Soda pop used to be a nightmare for Sue Nelson. She was one of the 25-million people living with bladder control issues: 80-percent are women. Her bladder was telling her it was full, even though it wasn't: She couldn't leave the house.
Doctor Christopher Smith of the Baylor College of Medicine in Houston reached for this device. It's a pacemaker of sorts implanted into sue's lower back and weighing just an ounce. Electric stimulation sent to the base of the spine tells patients when their bladder is truly full.
Studies show 56-percent of users cut their bathroom trips in half, and 46-percent of patients had zero bladder control issues. And while Sue was never keen on talking about her problem, she'll happily tout the solution.
Experts say up to 75 percent of people suffering from over-active bladder don't respond to medication. People who want this device can wear an "external" version for 7 days before committing to full surgery.
BACKGROUND: Millions of people experience bladder control problems, including urinary urge incontinence, non-obstructive urinary retention, and significant symptoms of urgency-frequency. An innovative therapy for overactive bladder and urinary retention called sacral nerve stimulation (InterStim Therapy) is available for patients who have failed or could not tolerate more conservative treatments. The therapy provides urinary control therapy that addresses the nerve component of bladder control problems. Over 75,000 patients have received sacral nerve stimulation worldwide. The therapy is minimally invasive and begins with a simple in-office test. Sacral nerve stimulation is indicated for patients who suffer from urinary urge incontinence, urinary urgency-frequency, or non-obstructive urinary retention. (SOURCE: MedTronic)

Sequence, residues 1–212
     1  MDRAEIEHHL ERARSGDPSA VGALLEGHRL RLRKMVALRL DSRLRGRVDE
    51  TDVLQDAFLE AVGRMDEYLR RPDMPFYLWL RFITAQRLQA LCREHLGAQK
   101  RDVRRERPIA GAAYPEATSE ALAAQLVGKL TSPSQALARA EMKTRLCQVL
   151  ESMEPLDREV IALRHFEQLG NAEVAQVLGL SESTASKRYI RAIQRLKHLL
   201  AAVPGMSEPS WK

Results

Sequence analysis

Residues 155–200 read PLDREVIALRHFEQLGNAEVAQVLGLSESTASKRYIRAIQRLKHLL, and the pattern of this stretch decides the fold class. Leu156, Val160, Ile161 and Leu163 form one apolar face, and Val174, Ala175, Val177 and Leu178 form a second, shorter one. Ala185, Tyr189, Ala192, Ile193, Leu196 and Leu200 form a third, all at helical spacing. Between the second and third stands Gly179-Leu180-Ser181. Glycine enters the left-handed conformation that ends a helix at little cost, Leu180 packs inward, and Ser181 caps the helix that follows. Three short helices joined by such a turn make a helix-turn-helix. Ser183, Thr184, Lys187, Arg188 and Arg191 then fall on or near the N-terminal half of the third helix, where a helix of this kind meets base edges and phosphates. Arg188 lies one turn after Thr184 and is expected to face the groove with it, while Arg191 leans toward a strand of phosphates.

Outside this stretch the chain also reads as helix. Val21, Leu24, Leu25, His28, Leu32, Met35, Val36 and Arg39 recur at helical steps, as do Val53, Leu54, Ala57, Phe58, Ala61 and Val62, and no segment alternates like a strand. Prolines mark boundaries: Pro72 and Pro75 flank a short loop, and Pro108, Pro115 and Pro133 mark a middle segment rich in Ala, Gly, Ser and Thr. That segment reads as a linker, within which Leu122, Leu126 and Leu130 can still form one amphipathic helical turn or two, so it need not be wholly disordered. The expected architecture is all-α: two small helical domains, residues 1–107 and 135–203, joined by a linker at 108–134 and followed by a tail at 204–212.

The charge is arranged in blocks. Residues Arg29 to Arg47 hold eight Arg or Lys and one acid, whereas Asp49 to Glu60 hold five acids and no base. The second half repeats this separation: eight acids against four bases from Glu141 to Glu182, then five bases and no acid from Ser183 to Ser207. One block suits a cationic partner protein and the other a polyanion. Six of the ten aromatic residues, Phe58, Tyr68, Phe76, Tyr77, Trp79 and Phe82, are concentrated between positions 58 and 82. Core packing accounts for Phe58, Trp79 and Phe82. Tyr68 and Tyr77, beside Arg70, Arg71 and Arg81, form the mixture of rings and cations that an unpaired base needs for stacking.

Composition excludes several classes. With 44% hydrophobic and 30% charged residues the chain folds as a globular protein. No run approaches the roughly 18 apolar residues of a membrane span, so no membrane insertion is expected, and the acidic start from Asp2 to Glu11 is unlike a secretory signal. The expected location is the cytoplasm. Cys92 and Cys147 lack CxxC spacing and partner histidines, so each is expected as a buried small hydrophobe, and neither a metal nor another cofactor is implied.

PROCEDURE: Sacral nerve stimulation is conducted through an implanted device that includes a thin insulated wire called a lead and a neurostimulator (much like a cardiac pacemaker.) The device is inserted in a pocket in the patient's lower abdomen. It sends mild electrical impulses through a lead that is positioned close to a nerve located in the lower back (the sacral nerve), which influences the bladder, the sphincter and the pelvic floor muscles. Sacral nerve stimulation is first tried on an outpatient basis in the doctor's office with the implantation of a test lead. If the trial treatment is successful, the patient is scheduled for inpatient surgery. Permanent surgical implantation is done under general anesthesia and requires a one-night stay in the hospital. After the patient has been anesthetized, the surgeon implants the neurostimulator, which is about the size of a pocket stopwatch, under the skin of the patient's abdomen. Thin wires, or leads, running from the stimulator carry electrical pulses from the stimulator to the sacral nerves located in the lower back.
MAINTENANCE: The battery inside the neurostimulator typically needs to be replaced every 3 to 5 years. The battery life will fluctuate per individual, depending on the strength of the signal needed to control symptoms and the amount of use each day. When it is time for the battery to be replaced, the entire neurostimulator will be replaced with a new one.
WHAT'S NEXT: Initially used to treat urinary symptoms, sacral nerve stimulation has recently also been used to treat fecal incontinence and constipation. The technique has been refined, by introducing a minimally invasive two stage implantation, so that patients can undergo a prolonged test stimulation using a permanent lead. Accurate neurophysiological evaluation can now be performed before, during, and after implantation and this has confirmed improved treatment success rates.
* For More Information, Contact:
Christopher Smith, MD
Baylor College Of Medicine – Houston
(Information provided by Ivanhoe)
Copyright (c) 2010 The E. W. Scripps Company